He was preceded in death by his parents.

    Memorial contributions are suggested to the Sacred Heart Parish or the Missouri State Veterans Home in Warrensburg and both can be left at the funeral home.

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    Trowel & Glove: Marin gardening calendar for the week of Dec. 21, 2013

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    • West Marin Commons offers a weekly harvest exchange at 1:30 p.m. Saturdays at the Livery Stable gardens on the commons in Point Reyes Station. Go to

    • The Novato Independent Elders Program seeks volunteers to help Novato seniors with their overgrown yards on Tuesday mornings or Thursday afternoons. Call 899-8296.

    • Volunteers are sought to help in Golden Gate National Parks Conservancy nurseries from 1 p.m. to 4 p.m. Tuesdays at Tennessee Valley or 9 a.m. to noon Saturdays in the Marin Headlands. Call 561-3077 or go to

    • The SPAWN (Salmon Protection and Watershed Network) native plant nursery days are from 10 a.m. to 1 p.m. Fridays and weekends. Call 663-8590, ext. 114, or email to register and for directions.

    • Marin Master Gardeners and the Marin Municipal Water District offer free residential Bay-Friendly Garden Walks to MMWD customers. The year-round service helps homeowners identify water-saving opportunities and soil conservation techniques for their landscaping. Call 473-4204 to request a visit to your garden.

    • Marin Open Garden Project (MOGP) volunteers are available to help Marin residents glean excess fruit from their trees for donations to local organizations serving people in need and to build raised beds to start vegetable gardens through the MicroGardens program. MGOP also offers a garden tool lending library. Go to or email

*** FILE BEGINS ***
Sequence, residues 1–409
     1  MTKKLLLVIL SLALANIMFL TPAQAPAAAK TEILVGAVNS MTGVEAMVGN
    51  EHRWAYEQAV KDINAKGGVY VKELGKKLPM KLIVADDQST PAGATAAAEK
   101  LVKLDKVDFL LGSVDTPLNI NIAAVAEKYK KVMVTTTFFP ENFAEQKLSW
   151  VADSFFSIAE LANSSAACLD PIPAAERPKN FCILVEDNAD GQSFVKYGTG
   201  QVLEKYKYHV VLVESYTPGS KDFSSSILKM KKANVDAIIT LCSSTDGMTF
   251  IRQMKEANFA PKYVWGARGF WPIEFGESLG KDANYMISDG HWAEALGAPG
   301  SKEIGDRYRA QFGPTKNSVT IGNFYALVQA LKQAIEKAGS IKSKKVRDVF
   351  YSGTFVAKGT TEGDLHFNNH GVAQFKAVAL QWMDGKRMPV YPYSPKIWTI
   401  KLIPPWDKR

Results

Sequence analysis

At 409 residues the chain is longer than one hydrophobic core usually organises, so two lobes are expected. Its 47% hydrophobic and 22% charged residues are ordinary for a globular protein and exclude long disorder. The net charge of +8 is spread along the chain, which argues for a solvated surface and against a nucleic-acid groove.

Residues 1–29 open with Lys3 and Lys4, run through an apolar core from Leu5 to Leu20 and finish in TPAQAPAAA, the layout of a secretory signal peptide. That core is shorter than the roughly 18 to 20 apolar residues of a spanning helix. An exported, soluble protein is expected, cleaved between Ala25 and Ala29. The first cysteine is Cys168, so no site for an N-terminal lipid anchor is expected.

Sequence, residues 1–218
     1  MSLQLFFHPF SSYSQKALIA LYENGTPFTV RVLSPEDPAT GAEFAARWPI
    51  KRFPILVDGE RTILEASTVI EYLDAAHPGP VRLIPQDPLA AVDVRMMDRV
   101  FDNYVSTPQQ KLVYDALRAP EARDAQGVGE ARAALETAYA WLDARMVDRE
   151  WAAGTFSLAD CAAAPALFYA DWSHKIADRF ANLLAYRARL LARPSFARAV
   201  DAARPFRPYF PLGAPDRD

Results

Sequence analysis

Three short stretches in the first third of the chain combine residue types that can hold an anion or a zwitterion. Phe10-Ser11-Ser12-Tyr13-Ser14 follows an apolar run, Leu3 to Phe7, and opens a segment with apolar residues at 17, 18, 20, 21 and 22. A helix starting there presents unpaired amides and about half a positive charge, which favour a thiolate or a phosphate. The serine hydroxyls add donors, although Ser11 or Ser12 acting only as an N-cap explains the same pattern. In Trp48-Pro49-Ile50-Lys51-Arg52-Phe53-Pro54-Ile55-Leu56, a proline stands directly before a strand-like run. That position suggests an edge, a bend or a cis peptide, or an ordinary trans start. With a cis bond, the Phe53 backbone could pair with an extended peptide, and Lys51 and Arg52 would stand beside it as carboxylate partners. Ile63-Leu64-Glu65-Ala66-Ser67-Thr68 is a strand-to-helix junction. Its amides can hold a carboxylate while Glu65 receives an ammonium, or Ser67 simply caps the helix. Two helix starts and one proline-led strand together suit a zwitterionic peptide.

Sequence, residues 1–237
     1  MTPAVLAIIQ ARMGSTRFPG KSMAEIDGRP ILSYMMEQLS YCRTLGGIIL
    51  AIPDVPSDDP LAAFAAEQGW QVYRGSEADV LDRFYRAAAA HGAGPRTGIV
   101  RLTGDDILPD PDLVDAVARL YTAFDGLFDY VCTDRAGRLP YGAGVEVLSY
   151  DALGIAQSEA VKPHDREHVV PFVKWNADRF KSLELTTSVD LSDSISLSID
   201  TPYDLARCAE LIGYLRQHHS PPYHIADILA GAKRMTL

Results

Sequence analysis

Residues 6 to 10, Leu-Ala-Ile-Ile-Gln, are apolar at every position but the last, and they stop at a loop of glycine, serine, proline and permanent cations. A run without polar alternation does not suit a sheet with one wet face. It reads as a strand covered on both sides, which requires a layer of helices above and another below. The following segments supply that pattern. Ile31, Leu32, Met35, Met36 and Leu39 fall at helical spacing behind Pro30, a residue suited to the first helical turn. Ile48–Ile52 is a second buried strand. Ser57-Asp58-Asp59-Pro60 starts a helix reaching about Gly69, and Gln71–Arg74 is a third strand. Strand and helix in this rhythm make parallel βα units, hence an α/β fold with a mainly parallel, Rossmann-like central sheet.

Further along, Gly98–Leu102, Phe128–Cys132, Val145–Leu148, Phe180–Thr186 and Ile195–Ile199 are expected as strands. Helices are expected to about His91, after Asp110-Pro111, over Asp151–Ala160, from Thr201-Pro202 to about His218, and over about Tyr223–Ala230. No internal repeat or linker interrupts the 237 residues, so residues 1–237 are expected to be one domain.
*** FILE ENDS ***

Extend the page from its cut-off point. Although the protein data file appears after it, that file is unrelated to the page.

• The Marin Organic Glean Team seeks volunteers to harvest extras from the fields at various farms for the organic school lunch and gleaning program. Call 663-9667 or go to

    San Francisco

    • The Conservatory of Flowers, at 100 John F. Kennedy Drive in Golden Gate Park, displays permanent galleries of tropical plant species as well as changing special exhibits from 10 a.m. to 4:30 p.m. Tuesdays through Sundays. $2 to $7. Call 831-2090 or go to

    • The San Francisco Botanical Garden Society, at Ninth Avenue and Lincoln Way in Golden Gate Park, offers several ongoing events. $7; free to San Francisco residents, members and school groups. Call 661-1316 or go to Free docent tours leave from the Strybing Bookstore near the main gate at 1:30 p.m. weekdays, 10:30 a.m. and 1:30 p.m. weekends; and from the north entrance at 2 p.m. Wednesdays, Fridays and Sundays. Groups of 10 or more can call ahead for special-focus tours.

    Around the Bay

    • Cornerstone Gardens is a permanent, gallery-style garden featuring walk-through installations by international landscape designers on nine acres at 23570 Highway 121 in Sonoma. Free. Call 707-933-3010 or go to

    • Garden Valley Ranch rose garden is open from 10 a.m. to 4 p.m. Wednesdays through Sundays at 498 Pepper Road in Petaluma. Self-guided and group tours are available. $2 to $10. Call 707-795-0919 or go to